The survey was available in six languages and the participant was free to choose which language to use when completing it. Questions regarding demographics and clinical characteristics were translated from Dutch into the other languages by a professional translation agency and double-checked by native speakers. Official translations of the EQ-5D-5L and the MSQOL-54 were used.


Patients were asked to provide information on their age, country of residence (options: the Netherlands, France, the United Kingdom, Spain, Germany, Italy and ‘living elsewhere’), nationality, gender, marital status and educational level. Clinical characteristics included the type of MS, age at diagnosis, disability and their current and previous treatment. Disability was self-reported using the Expanded Disability Status Scale (EDSS), an instrument to rate neurological impairments, with a total score ranging from 0 (normal) to 10 (death due to MS) [15].

The EQ-5D-5L is a standardized and validated HRQOL instrument [10, 16] that yields a single generic measure of health to quantify HRQOL used in clinical and economic evaluations [6, 17]. The health states can be converted into a single “health utility” score, where 0 equals death and 1.0 equals perfect health. For France, the Netherlands and Spain the health utility scores were calculated using French, Dutch and Spanish country value sets, respectively [18,19,20]. For the UK, the crosswalk value set was used [21, 22]. The value set used to calculate utility scores of patients living elsewhere was determined by the most commonly used language filled in by the patients living elsewhere.

The MSQOL-54 is a validated instrument with an adequate test-retest reliability, construct validity and internal consistency [11]. The instrument consists of the generic SF-36 [9], extended with health concepts relevant for MS patients [11]. It contains 52 QOL items that are divided across 12 scales (physical function, role limitations-physical, role limitations-emotional, pain, emotional well-being, energy, health perceptions, social function, cognitive function, health distress, overall quality of life, and sexual function) and two single items (satisfaction with sexual function and change in health) [11]. Two summary scores, physical health composite score (PHCS) and mental health composite score (MHCS) are derived from a weighted combination of scale scores. Scale and composite scores range from 0 to 100, where a higher score indicates a better QOL [11]. The SF-36 composite scores can be calculated from the MSQOL-54 [11] and have a mean of 50 (SD:10) in the general population [23].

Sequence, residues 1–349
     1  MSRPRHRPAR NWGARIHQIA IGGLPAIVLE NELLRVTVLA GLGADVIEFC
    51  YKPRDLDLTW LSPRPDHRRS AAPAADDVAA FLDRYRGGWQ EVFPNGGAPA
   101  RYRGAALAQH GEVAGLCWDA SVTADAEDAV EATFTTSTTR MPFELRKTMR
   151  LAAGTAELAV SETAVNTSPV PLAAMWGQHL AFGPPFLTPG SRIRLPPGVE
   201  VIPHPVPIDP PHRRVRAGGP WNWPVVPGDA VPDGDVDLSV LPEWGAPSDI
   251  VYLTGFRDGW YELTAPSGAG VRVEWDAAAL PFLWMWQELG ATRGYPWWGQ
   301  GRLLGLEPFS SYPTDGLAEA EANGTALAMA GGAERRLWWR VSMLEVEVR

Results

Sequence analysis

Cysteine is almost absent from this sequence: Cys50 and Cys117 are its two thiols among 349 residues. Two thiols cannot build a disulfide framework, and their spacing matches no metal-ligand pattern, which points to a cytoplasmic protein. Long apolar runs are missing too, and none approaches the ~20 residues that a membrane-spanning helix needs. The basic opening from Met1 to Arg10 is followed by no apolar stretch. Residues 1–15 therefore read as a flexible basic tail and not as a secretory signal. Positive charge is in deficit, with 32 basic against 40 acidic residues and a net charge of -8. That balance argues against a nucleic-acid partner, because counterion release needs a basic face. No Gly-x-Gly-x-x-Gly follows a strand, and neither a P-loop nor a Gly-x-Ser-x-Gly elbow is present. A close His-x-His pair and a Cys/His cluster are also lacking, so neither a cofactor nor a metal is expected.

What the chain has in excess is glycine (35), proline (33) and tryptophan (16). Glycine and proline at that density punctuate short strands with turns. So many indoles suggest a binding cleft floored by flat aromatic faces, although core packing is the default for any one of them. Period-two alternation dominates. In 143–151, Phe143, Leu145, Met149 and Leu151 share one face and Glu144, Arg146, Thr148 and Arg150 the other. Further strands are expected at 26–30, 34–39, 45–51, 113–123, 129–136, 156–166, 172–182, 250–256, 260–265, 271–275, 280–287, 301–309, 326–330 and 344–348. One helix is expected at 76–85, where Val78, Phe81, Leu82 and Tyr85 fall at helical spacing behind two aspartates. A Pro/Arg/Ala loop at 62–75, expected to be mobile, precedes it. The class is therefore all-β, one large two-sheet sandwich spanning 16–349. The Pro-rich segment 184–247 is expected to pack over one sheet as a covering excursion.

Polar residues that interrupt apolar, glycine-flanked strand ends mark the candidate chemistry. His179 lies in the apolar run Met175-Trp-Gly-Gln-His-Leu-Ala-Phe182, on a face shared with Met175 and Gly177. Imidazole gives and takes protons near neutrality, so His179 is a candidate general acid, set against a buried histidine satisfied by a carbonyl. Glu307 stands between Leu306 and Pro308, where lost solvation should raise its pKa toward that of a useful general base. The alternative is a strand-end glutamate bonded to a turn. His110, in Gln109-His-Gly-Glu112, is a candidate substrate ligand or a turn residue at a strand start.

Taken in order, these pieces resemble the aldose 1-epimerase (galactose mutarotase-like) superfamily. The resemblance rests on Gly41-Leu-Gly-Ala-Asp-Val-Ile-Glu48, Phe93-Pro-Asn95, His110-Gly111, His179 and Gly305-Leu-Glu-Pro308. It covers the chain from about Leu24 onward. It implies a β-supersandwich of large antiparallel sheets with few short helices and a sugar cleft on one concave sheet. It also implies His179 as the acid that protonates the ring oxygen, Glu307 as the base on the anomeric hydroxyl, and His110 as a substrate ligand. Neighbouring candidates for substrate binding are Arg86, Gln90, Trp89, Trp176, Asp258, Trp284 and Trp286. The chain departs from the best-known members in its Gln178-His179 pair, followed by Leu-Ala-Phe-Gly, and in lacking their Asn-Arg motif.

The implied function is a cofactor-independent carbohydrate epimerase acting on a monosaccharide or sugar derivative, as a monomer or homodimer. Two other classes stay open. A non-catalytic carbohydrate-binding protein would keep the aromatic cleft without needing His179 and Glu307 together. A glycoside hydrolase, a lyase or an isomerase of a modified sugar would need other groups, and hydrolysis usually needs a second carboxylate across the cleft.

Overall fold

Statistical analysis

Statistical analyses were performed with Stata 16.0. Analyses were stratified according to country of residence. Differences in mean scores across countries were calculated using the analysis of variance (ANOVA) test; if assumptions for the ANOVA were violated (we checked the distribution of the variables by plotting a histogram), the non-parametric Kruskal-Wallis test was used. Testing for a relationship between categorical variables was done using the chi-square test or the non-parametric Fishers exact test for small samples. Post-hoc analysis was done using either the Bonferroni correction or the Dunn’s test. Statistical significance was defined as p < 0.05.

Bivariate association of the EQ-5D-5L dimensions to EDSS was investigated with Spearman correlation coefficients. Univariate and multivariate analyses were conducted to examine the relationship between patient demographics and the EQ-5D-5L dimensions, health utility, the MSQOL-54 scales and the PHCS/MHCS. Covariates included in the multiple regressions were based on significance in the univariate analysis. A linear or logistic regression was performed for a continuous or categorical outcome variable, respectively. The stepwise backward selection method was used for the multivariate regression and variables were kept in the model based on significance.


The attempted sample size of 50 per country was not feasible in the UK, Spain, Germany and Italy given that patients were very difficult to recruit, therefore we ceased recruitment 5 months after the start of the study. A total of 281 patients were recruited and started the survey. Ninety-nine participants were dropped from the analysis since they did not finish the survey (n = 55), did not give informed consent (n = 39), had provided an age of diagnosis that was older than their current age (n = 3), or were younger than 18 years (n = 2). This left 182 participants for analysis.